Promises from politicians are coming thick and fast as the clock runs down to the general election.

Last time around, Conservative leader David Cameron gave a number of personal pledges to see through various policies, some of which failed to see the light of day.

Some didn’t survive the give-and-take of coalition government, while other ideas were endorsed by the Lib Dems but still didn’t materialise – a point Mr Cameron’s opponents are bound to hammer home in the coming weeks.

Let’s have a look at what the prime minister promised he would do – and what really happened. We’ll also consider the bigger picture – useful things to bear in mind when critics of the government are trying to score points over these broken pledges.

Britain's opposition Conservative Party leader, David Cameron, kisses a baby while campaigning in Tamworth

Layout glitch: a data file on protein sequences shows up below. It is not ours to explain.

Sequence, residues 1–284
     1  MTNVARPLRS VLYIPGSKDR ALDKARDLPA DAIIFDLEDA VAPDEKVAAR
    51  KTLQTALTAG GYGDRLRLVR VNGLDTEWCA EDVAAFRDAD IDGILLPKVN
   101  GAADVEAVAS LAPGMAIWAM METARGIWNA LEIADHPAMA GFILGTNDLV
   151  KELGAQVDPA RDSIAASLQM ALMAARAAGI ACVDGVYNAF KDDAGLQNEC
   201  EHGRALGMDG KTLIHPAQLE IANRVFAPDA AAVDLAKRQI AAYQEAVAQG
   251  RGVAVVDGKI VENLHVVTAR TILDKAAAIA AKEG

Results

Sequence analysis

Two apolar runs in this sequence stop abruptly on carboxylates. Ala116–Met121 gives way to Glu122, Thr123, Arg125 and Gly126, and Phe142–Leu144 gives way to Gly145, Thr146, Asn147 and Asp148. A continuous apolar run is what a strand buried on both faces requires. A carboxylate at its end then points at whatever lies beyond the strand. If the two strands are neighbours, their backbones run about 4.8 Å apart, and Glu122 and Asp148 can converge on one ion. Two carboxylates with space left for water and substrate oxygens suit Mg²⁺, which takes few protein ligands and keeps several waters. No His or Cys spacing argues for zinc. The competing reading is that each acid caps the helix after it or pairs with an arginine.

David Cameron kisses a baby on the campaign trail in Tamworth in April 2010 (Reuters)

‘We are going to make our midwives’ lives a lot easier… we will increase the number of midwives by 3,000.’

Mr Cameron wrote these words in an article for the Sun in January 2010.

The exact number of midwives working in the NHS at the last election depend on how you count staff – numbers of people or full-time equivalent.

Either way there are just over 2,000 more qualified midwives now than there were in May 2010, leaving Mr Cameron some way short of the target.

The bigger picture: there are about 7,000 more nurses, midwives and health visitors in the health service than there were in May 2010, and more than 9,000 more doctors – although the time it takes to train doctors means the coalition cannot take the credit for that.

‘We have absolutely no plans to raise VAT.’